Belarus’s neighbours have moved to a heightened state of alert since dictator Alexander Lukashenko appeared to broker a last-minute deal with the Kremlin to defuse the short-lived mutiny on 23 June and host Wagner troops on Belarusian soil.
During a recent meeting at the strategically important Suwalki Gap, a sparsely populated land corridor near their countries’ borders with Belarus and Russia’s enclave of Kaliningrad, Lithuania’s president Gitanas Nauseda warned that north of 4,000 mercenaries were believed to be in Belarus, while Poland’s premier Mateusz Morawiecki branded them “extremely dangerous”.
Poland is sending 10,000 troops to its eastern border, and this week held its largest military parade in decades, as it warned that Wagner mercenaries had moved towards Grodno and set up camp in the Brest region, some six miles from Poland’s border.
A group associated with Ukraine’s military has also warned that the construction of a “tent city” capable of housing 1,000 mercenaries some 15 miles from its border could be used to simulate a threat there, in a bid to detract from Kyiv’s efforts to make painstaking gains along the heavily mined front line of Russia’s invasion in the south, and defend a push by Moscow’s forces near Kupiansk in the north.
The true extent to which Wagner leader Yevgeny Prigozhin’s guns for hire are now operating in Belarus – and their aims there – remains hard to determine.
“We are dealing with layer upon layer of disinformation,” said Keir Giles, a senior consulting fellow at Chatham House. “Not only the repeated information campaign trying to convince Ukraine that there is a renewed threat from the north, but also confusion over exactly what Wagner is doing, who they are reporting to, who they are following orders from, and where they might be.”
These factors make it hard to distinguish how much of the threat is “manufactured” to pile pressure on Belarus’s neighbours, Mr Giles said, adding: “The simple answer is that we don’t know. We should watch what is actually being done rather than what is being said.”
However, Mark Galeotti, director of the Mayak Intelligence consultancy, said he believed Ukraine’s military was not “in the slightest bit worried” about the threat of Wagner attempting to cross its northern border.
Speaking of claims the mercenaries could try to cross into Poland or Ukraine, he said: “In some ways, Wagner is a victim of its brand name, and people are suggesting it’s going to do all types of crazy things that are totally beyond their capabilities, but also which frankly no one would even try.”
Wagner has “lost all of its heavy equipment”, he added, with Russia’s defence ministry making “damn sure” to reclaim tanks and artillery handed to the mercenaries while in Ukraine, meaning “we’re talking about a bunch of guys with Kalashnikovs, rather than a sort of fully coherent mechanised force”.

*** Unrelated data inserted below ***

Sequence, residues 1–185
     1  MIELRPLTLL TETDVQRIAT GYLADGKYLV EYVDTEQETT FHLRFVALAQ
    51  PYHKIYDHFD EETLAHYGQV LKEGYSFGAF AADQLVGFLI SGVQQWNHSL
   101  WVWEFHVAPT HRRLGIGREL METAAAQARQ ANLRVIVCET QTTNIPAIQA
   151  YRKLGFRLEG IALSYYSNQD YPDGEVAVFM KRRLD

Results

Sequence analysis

Citing reports that funding disputes have already seen some mercenaries bussed back to Russia, Mr Galeotti said Ukraine has “ample forces to stop 2,000 guys with guns wandering over” a border “carefully watched” due to its proximity to Kyiv, most likely including by Nato.
While he believes Wagner would not pose much of a direct threat even if better equipped, Nick Reynolds, the Royal United Services Institute’s research fellow for land warfare, said the possibility of disruption “can’t be discounted”.
Wagner’s presence – along with that of Belarusian and Russian forces – means Ukraine does have to devote some troops to guard the border, which already comes under “a lot of artillery and drone strikes”, albeit not as heavily as troops along front lines in the Donbas and further south, he said.
While Poland’s concerns have been stoked by Mr Lukashenko’s jibes that the country should thank him for constraining Wagner mercenaries he claimed wish to “[smash] up Rzeszow and Warsaw”, the Belarusian leader vowed in February that Minsk would only enter the war if attacked by Ukraine.
Mr Reynolds said he did not foresee any real threat from Belarus this year due to the weakness of Minsk’s military and Russia’s presence there being “just not strong enough to credibly pose a threat of opening a second front” – although Moscow’s mobilisation efforts mean “that might change in time”.
“Something I’d watch much more closely in the short-term is Wagner’s international footprint,” he said, adding that the group’s compromised position within Russia itself could see it lean more heavily on its activities in Africa and the Middle East, which are of “enormous value diplomatically” to the Kremlin.
Mr Giles also warned that “forces taking orders from Russia or Belarus do not need to be large or well-equipped to cause disruption”.
He pointed to the “migrant dumping campaign” initiated by Belarus in 2021, with its Baltic neighbours in Warsaw, Vilnius and Riga once again accusing Minsk in recent days of sending asylum seekers en masse to the border in a bid to pile pressure on them.
And he highlighted the power of Wagner “as an information weapon”, whether to distract Ukraine or “throw some kind of provocation with Poland to try to back the fiction that Lukashenko presents to his people of Poland being an aggressive and threatening neighbour”.
Dr Marina Miron, of King’s College London’s war studies department, agreed that an attempted incursion doesn’t make “any kind of sense” logistically, saying: “I think it’s more of a kind of psychological operation than anything else. At least for now.”
While the risk is currently low, “at some point, they will be returning to Ukraine”, said Dr Miron. “That’s when there will be a definite threat.”
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